It pretty much ties together the entire torso, training it to act as a unit. Which is where the “monkey strength” reference came from I guess.

I use angle barbell work a lot with my fighters, their shoulders need to be taken care of and integrated “monkey strength” is far more important than simple, bilateral maximal strength like in a bench press. In fact I feature it in the Fighting Back eBook aimed at the BJJ community.

Click the image for more info

Click the image for more info

I highly recommend you try this lift.

Regards

Dave Hedges
http://www.Wg-Fit.com

If you’re interested in my classes / private training, CLICK HERE

Kettlebell and other workshops, CLICK HERE

 

Get Up and Get Awesome


If it's good enough for Iron Man.....

If it’s good enough for Iron Man…..

I think it’s fair to say the Turkish Get Up is one of my favorite things to do.

It’s also pretty fair to say there’s a lot of people who would agree with me that it is an incredibly valuable lift, for a number of reasons.

It’s also fair to say that a lot of people talk a lot of bollocks about the lift.

There are many ways to work the get up depending on the type of response you’re trying to elicit from the body.
And just the other day I had two very different lads in who have get ups programmed into their workouts but for very different reasons, and as a result, they do the lift differently.

The two lads are Don and Les. Don is a BJJ player, fairly new to the sport coming into it with very little of any sort of training. Much like most people who take up a martial art, it was his first real training experience.

Les on the other hand is a bit of a machine. He’s a hockey player (proper hockey, not that padded up ice dancing thing…) and loves to train hard.

The two lads both partake in sports that live in a forward flexed posture. The hockey player is hunched over with his stick on the floor to control the ball. The BJJ guy, especially the new guys, are usually on their backs in a foetal position trying not let the better guy fold them in half.

Don realised early on that he needed to get some serious core strength going, so he came to me. At first he couldn’t hold a plank steady for 30seconds.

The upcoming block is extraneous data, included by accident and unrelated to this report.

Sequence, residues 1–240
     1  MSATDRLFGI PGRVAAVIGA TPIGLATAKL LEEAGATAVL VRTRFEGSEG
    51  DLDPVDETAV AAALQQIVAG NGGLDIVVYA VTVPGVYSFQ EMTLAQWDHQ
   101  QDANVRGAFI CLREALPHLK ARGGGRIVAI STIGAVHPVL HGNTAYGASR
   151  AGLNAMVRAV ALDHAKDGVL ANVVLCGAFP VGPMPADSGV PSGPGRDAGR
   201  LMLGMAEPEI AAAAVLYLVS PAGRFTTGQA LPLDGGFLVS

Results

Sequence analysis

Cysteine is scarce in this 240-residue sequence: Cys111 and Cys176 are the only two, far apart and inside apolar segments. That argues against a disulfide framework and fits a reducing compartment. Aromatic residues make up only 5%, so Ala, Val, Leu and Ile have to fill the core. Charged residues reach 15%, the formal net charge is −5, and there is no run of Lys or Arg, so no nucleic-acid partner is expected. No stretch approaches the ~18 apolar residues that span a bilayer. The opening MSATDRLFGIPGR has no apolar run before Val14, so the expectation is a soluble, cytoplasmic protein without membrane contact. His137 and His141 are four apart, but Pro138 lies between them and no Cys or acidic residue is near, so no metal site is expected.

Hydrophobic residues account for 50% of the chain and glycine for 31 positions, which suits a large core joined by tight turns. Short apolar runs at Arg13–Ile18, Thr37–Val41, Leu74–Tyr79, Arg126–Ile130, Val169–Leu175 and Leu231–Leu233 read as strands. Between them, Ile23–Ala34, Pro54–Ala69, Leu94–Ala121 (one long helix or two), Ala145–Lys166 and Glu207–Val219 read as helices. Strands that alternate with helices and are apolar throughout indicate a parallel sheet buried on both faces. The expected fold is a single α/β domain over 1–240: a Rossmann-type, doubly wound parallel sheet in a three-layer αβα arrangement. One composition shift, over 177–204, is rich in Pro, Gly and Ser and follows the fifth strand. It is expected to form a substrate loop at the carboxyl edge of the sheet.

With some “gentle persuasion” he accepted my homework assignment and  couple of weeks later he passed a 2min plank test.
But he despises the plank, and to be fair, 2mins is plenty,.at least that’s what Dr Stuart McGill says and who am I to argue.
So what next? Various exercises, all very core centric with an emphasis on developing the get up.
Some days he worked volume with a comfortable weight, other days he’s pyramid up to a max.
Just the other day a 75kg Don did this with a 40kg bell

In total he worked up to the weight before managing 3 reps each side. It was only the second time he’d worked the 40.
Interestingly, a shoulder injury he picked up from an overzealous submission attempt has magically cleared up.

He first noticed his shoulder had cleared up, ie no longer clicked or ached when he started working with the 32kg bell regularly.

Which brings me to Les.
As I said, Les is a different animal. Les is completely anterior chain dominant, he lives in his sporting posture, forward flexed, internally rotated shoulders. Much of what I talked about in Fighting Back direct applies to Les.
It’s no surprise his shoulder blew up and he ended up in physio before coming to me.
Now we have him doing a bottoms up half get up every warm up.
In the beginning he could barely hold the weight out. A strong lad being crushed by an 8kg bell shows a huge problem.
So Les worked the movement with no weight, than slowly added load in the standard grip until eventually he could manage a single bottoms up rep.
This clip shows him performing the drill on his injured side

Remember this is him simply warming up. His training is very much about getting that posterior chain kicking in, but before anything happens we use this drill to turn on the rotator cuff and integrate the shoulder into the rest of the body.

Already in just a few weeks Les’ symptoms are reducing and he’s able to take on more movements.

So we have one exercise, the Get Up, being utilised in two very different manners according to individual athletes needs.
There is no one best way to perform any given exercise, especially something as global as the get up.
The mainstream kettlebell community may deride Don for not bridging up during the get up, but his hips are not our focus. We do other work for that.
They may also be baying for blood because Les doesn’t roll enough, not realising that to get to where he is now is an achievement in itself and a constant work in progress.

The key point here is that we can take an exercise and break it down, tailoring it to suit the athlete. We don’t try to make the athlete suit the movement, we.make the movement suit the athlete.

Spend time with the get up, get to know it intimately, and while a half bodyweight get up is the standard we want to achieve, for many, like Les, it’s not realistic.

Regards
Dave Hedges
http://www.WG-FIT.com

A Quick Guide to Upper Back Strength & Shoulder Health


Your shoulders take a beating.

Especially when your training partner knows 99 ways to hyper extend the joint to cause enough pain to make you tap before ligaments & tendons begin to tear or the joint becomes dislocated.

It’s not just your opponents attempts to submit you, but the general posture of a fighter that can stress the shoulder joint. Having a rounded (kyphotic for you anatomy nerds) upper back encourages the shoulder blades to “wing”, which stretches out the muscles in the mid and upper back region preventing then from doing their job.
And their job is to control the scapula (shoulder blade) whose job it is to keep the shoulder joint stable.

Poor scapula control leads to poor shoulder stability and a vastly increased risk of shoulder injury.

You must keep the upper back strong and get the muscles firing.

I don’t know if you’ve heard of Joe DeFranco, but he’s one of the world’s top strength coaches and an influence of mine.